Another important detail in the newly released GDP data is the PCE price index, which increased 3.5% over the past quarter. The PCE price index is an alternative measure for inflation. This is a big jump in just one quarter. Similarly, the Consumer Price Index has increased 2.6% from March 2020 to March of this year (up from 1.7% in the February 2020 to February 2021 measure). I’ve been talking for a while about why I think inflation is going to be a bigger issue in coming months and that is another whole article. I will say that another confounding issue on top of short or medium-term inflation is the increasingly high probability that unemployment will fall faster than expected. Although this would be a good thing, remember that the Federal Reserve has two mandates that dictate interest rate policy: inflation and unemployment.

Net exports were down more than usual and that significantly moderated GDP growth. The U.S. traditionally imports more than they export, but the high infection rates around the world alongside the supply bottlenecks dragged our exports down further. Simultaneously, the improving infection rates across most of the U.S. alongside rapid ramp up of vaccination kept Americans buying foreign goods (or American goods with foreign parts — which is just about everything). Given how slowly the rest of the world appears to be vaccinating, it’s likely that net exports will continue to be a drag on GDP growth. Similarly, the supply-chain and labor constraints within the U.S. will not only impact prices, they will also impact our ability to increase our own production of manufactured goods, which will also be a drag on GDP growth, albeit not indefinitely.

I would like to highlight how this bounce-back in GDP is so very different than other recessions. In previous recessions, there has almost always been a structural issue that has caused the economy to contract for at least two consecutive quarters (“recession”). The most recent example is the Great Recession, which exposed loose lending standards alongside a surge in homebuying. It took 34 quarters, or 8 ½ years, for real GDP to reach “potential GDP,” as economists call it. It took 30 quarters, or 7½ years, for the unemployment rate to drop below the natural unemployment rate (~4.0%). To be fair, the Great Recession was particularly severe, but looking at the two previous downturns shows a range of 3 to 5½ years, for GDP to reach potential GDP and a range of 3½ to 5¼ years for unemployment to dip below the 4.0% threshold.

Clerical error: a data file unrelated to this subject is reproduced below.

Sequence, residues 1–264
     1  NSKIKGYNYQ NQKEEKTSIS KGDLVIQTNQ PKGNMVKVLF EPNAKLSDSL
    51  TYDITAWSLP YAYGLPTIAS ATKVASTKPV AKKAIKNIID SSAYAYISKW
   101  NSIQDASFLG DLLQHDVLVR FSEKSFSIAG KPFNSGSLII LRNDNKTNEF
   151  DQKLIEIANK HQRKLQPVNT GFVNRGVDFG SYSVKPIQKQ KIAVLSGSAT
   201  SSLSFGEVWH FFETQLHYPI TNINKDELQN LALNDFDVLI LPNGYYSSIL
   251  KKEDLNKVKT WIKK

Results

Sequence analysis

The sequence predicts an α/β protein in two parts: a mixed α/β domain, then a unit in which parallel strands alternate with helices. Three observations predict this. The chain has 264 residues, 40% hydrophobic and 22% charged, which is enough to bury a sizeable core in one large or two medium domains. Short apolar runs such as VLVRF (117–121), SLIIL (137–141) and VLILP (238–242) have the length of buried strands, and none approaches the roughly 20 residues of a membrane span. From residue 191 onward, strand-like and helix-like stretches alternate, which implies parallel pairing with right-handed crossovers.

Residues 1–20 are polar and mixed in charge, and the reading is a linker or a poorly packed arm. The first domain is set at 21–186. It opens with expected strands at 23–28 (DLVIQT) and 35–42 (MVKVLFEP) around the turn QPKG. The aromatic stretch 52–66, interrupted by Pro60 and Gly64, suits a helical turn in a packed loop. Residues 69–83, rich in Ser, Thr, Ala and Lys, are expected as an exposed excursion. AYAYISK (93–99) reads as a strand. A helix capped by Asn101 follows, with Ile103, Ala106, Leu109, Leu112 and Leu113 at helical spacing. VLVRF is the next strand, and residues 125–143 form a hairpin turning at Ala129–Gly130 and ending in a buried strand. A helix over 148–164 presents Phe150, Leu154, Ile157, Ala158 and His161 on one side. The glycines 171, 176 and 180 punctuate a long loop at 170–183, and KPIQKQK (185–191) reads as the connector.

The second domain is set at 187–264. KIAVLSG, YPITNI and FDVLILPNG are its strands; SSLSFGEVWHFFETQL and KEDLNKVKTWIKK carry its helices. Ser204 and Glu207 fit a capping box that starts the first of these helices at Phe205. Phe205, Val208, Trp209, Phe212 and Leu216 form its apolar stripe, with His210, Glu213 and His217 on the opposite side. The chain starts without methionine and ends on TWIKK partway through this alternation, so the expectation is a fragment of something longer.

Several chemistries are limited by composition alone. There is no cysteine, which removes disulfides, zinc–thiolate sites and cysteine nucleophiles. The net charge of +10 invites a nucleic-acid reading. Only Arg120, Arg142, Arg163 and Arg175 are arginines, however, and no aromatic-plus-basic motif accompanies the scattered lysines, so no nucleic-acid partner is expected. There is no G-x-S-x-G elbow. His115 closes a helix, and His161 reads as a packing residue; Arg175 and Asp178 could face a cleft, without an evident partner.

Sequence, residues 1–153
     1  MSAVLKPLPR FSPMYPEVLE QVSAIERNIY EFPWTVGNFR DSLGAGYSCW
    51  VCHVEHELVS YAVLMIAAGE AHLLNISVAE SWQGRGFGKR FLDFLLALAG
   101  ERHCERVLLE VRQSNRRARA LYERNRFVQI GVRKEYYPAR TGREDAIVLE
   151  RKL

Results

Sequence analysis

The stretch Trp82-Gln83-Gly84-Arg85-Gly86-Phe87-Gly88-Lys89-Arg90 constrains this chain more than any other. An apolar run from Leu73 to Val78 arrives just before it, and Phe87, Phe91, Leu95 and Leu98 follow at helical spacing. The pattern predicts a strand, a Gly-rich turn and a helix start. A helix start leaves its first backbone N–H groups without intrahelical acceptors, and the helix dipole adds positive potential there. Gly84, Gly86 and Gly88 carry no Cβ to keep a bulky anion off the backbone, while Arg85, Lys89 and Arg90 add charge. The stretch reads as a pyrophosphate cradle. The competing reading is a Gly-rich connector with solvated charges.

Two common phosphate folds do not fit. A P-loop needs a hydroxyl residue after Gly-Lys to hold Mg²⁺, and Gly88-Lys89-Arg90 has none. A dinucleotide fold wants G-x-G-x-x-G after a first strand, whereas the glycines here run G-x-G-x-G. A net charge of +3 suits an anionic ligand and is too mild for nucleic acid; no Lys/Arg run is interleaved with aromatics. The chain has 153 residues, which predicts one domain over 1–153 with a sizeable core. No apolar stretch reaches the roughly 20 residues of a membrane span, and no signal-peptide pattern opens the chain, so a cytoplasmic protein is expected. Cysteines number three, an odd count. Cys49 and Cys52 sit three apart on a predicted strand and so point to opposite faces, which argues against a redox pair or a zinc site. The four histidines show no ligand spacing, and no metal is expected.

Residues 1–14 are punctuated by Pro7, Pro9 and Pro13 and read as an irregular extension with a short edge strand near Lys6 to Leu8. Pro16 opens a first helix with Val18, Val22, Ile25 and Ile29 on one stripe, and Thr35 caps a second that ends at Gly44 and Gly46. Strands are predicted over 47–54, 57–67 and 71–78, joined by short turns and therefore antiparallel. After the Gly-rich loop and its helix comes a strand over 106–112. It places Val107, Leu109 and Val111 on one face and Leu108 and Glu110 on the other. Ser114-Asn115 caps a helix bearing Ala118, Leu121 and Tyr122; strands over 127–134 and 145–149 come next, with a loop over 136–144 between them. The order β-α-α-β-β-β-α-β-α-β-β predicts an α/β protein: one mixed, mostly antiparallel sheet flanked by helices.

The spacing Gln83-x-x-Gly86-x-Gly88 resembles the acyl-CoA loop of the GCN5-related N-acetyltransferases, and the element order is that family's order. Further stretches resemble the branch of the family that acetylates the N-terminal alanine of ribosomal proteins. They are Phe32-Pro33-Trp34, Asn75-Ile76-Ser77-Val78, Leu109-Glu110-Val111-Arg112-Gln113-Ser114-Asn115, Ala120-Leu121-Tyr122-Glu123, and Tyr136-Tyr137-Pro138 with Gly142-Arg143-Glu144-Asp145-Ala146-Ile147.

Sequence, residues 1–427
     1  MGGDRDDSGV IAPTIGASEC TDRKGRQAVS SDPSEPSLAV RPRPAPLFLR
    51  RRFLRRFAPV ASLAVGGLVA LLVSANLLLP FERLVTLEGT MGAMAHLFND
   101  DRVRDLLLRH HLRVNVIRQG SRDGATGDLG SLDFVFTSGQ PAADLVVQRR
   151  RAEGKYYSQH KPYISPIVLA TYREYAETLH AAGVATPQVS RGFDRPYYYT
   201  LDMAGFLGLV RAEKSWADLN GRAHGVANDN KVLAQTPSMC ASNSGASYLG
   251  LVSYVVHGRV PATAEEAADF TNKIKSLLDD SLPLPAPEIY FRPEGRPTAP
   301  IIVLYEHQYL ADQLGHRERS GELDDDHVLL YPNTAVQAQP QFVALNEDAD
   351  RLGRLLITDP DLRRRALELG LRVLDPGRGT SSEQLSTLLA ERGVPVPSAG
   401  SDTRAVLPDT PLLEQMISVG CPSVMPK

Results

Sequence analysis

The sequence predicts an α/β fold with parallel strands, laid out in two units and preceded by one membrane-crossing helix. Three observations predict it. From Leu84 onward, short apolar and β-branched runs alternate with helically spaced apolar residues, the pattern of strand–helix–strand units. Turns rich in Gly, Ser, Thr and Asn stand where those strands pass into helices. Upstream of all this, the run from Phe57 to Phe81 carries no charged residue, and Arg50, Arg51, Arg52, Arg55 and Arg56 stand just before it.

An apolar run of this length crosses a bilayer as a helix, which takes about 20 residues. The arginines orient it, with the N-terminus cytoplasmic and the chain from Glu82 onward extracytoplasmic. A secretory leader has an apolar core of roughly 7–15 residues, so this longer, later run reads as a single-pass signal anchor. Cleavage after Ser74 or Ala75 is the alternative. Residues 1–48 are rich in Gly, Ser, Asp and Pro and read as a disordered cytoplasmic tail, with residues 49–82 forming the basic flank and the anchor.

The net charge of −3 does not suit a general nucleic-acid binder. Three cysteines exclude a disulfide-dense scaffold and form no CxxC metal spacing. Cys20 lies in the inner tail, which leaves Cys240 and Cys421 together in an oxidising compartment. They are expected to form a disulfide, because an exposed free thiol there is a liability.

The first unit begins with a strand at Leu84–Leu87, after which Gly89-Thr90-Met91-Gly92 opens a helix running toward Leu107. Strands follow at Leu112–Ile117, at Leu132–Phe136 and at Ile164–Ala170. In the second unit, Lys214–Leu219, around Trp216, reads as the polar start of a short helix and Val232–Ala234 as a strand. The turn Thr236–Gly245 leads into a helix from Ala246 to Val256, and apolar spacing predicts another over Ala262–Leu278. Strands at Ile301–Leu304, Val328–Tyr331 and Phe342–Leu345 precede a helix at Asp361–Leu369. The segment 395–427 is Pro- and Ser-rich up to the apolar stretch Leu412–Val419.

And now is so very different. Experts are saying that real GDP will reach potential GDP post-COVID in four quarters, or just one year, and unemployment will return to the roughly 4.0% “natural” range in nine quarters, or 2¼ years.

If this is indeed true, do we need additional stimulus? That’s a policy decision and I prefer spreadsheets, but what I see is an administration that is on the heels of the greatest economic and health disruption of our lifetimes and is capitalizing on that to do some restructuring.

For a list of sources and other details, go to the UCCS Economic Forum website: uccseconomicforum.com